Do I like the professor?

The professor can make or break a class. Look at who is teaching the class before you sign up.  Think about the last time you took a class with that person. Did you like their teaching style? Did you feel comfortable asking questions or going to office hours? If you haven’t taken that professor before, ask your classmates for their opinions.

Are there other options?

Before committing to a schedule, look at all the options. Maybe you want to work in an internship/ clinic time or you might want to do an independent study if you’re a credit or two short. Your school likely has a lot of different ways you can get your credits. Talk to the registrar or your advisor about your goals and what you’d like to learn. Part of their job is to help you, so take advantage of it!

Negotiating Your First Job Offer: Salary, Benefits, Reviews and More

GUEST BLOG Katie R. Day,
Quinnipiac University School of Law

It’s the moment you’ve been waiting for since you started going on job interviews. You got a job offer!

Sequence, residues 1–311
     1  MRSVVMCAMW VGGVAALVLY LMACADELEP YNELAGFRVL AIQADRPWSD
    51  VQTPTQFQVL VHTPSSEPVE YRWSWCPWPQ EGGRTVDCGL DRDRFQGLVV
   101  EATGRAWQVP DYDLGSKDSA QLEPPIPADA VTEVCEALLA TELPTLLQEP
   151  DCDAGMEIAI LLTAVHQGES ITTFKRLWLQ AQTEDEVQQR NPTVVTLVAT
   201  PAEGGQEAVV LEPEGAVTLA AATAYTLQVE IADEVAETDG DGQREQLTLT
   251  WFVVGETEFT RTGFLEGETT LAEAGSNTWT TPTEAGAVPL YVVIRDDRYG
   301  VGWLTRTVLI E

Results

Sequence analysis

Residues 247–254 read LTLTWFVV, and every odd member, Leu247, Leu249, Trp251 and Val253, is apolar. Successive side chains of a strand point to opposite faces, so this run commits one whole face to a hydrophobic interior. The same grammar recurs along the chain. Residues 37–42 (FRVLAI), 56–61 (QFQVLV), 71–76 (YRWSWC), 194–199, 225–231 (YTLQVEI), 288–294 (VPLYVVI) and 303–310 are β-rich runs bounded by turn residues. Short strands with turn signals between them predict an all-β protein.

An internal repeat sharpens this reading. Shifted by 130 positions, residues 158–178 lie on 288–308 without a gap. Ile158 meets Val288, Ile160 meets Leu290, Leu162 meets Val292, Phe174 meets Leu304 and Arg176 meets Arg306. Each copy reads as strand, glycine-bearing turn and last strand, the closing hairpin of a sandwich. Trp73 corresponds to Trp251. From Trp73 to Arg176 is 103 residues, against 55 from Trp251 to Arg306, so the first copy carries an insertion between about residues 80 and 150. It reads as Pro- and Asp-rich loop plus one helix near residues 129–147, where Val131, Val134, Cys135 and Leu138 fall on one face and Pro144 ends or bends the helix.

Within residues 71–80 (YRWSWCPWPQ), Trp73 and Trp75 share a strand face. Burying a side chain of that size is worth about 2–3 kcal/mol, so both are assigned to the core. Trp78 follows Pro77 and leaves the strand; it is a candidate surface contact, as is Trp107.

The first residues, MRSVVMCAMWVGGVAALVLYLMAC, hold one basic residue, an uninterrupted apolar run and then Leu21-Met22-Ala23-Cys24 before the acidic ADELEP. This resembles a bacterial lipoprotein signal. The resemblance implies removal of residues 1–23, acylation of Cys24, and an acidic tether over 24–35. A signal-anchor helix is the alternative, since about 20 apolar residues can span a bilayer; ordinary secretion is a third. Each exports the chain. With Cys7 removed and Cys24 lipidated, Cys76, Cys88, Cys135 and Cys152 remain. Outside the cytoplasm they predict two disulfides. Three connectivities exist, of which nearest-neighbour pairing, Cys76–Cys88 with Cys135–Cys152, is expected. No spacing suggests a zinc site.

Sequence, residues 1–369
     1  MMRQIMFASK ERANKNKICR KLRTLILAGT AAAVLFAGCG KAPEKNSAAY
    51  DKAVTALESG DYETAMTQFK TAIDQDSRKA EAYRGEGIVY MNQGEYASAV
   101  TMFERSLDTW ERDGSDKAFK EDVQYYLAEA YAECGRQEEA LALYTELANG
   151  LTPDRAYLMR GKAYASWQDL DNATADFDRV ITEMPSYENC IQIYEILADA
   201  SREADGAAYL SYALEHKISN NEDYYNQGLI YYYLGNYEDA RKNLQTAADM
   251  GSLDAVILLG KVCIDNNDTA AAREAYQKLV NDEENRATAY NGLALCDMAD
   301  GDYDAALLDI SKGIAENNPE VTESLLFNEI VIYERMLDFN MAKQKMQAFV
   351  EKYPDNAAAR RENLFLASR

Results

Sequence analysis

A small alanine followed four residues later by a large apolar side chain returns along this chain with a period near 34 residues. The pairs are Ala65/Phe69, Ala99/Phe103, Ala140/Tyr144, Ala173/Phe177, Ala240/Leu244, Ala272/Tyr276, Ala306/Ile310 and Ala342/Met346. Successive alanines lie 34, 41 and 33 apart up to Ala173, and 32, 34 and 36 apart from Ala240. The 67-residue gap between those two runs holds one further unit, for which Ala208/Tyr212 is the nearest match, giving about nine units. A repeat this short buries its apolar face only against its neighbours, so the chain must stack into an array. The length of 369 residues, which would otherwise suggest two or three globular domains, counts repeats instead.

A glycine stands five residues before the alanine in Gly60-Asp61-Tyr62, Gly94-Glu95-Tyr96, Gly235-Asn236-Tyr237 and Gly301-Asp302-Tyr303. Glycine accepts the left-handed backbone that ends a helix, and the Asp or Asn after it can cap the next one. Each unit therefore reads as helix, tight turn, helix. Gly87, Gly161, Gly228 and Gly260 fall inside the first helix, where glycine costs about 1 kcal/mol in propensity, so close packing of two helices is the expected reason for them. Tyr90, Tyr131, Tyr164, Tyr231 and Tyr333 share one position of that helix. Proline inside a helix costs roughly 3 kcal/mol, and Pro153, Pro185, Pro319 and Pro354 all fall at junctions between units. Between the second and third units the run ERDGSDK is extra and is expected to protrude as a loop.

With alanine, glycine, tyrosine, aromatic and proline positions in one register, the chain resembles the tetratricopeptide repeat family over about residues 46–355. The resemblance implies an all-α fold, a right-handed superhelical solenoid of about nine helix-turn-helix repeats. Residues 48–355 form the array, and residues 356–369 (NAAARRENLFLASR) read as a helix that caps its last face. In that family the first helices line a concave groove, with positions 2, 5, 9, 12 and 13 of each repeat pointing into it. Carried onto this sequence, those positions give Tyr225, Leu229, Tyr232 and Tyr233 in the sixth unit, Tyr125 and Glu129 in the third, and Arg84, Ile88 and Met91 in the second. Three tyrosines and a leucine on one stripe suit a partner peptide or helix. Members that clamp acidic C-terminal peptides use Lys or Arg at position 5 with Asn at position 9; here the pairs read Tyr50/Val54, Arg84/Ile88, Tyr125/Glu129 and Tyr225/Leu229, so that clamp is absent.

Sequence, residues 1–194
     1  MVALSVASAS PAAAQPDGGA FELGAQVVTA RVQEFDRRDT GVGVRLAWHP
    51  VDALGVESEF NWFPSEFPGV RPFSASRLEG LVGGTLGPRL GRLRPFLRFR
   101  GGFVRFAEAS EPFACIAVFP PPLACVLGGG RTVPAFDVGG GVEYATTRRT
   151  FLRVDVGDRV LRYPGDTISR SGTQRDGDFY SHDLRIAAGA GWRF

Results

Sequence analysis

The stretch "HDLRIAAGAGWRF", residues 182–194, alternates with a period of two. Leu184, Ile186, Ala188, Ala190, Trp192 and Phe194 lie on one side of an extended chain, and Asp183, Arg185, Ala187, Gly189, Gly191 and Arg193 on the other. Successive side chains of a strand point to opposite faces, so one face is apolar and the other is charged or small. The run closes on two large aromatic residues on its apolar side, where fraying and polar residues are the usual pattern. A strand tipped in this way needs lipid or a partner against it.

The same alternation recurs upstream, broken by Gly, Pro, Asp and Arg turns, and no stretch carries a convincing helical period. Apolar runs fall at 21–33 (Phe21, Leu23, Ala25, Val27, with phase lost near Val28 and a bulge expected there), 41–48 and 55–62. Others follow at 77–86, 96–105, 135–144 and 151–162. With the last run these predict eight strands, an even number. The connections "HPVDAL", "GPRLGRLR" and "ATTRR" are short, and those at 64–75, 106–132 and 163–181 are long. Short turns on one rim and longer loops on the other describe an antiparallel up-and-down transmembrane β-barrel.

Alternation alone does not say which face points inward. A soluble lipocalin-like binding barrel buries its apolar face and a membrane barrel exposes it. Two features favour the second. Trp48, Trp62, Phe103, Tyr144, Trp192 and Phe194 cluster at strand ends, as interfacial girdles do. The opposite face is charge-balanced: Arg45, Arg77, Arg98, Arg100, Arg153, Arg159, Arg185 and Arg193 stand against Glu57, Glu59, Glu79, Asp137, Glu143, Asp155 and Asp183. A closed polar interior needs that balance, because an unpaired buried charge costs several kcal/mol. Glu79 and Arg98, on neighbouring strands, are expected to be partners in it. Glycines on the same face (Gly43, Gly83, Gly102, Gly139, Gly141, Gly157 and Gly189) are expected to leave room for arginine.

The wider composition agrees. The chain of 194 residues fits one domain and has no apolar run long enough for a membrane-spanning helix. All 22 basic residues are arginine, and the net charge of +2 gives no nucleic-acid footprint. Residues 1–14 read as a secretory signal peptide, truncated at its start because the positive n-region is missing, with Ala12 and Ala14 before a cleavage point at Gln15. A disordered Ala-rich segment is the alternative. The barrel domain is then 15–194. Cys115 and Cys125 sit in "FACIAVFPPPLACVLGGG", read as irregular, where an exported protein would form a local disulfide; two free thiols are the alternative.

There’s nothing more exciting than landing your first job after law school graduation. But once the excitement wears off, you realize that you need to evaluate the offer and decide whether or not to accept. I know it can be tempting to just say yes immediately, but there are a few things you should consider before committing.

Evaluate your expenses

Take some time to sit down and make a list of all the expenses you have: rent, car payment, insurance, food, student loans, utilities, etc. Add up all these expenses and see how much you actually need to spend on a yearly basis. Chances are it will be higher than you thought. At the very least, you need to make sure that the offer will give you enough to cover all of these expenses with some left over. You’ll want a bit of a cushion for unexpected costs (I’m looking at you, cracked windshield).

Research salaries at comparable jobs

You want to see how your offer compares with the industry standard. Sites like Glassdoor, PayScale and USA Wage have helpful ranges that take into account your location, experience, firm size and type of law.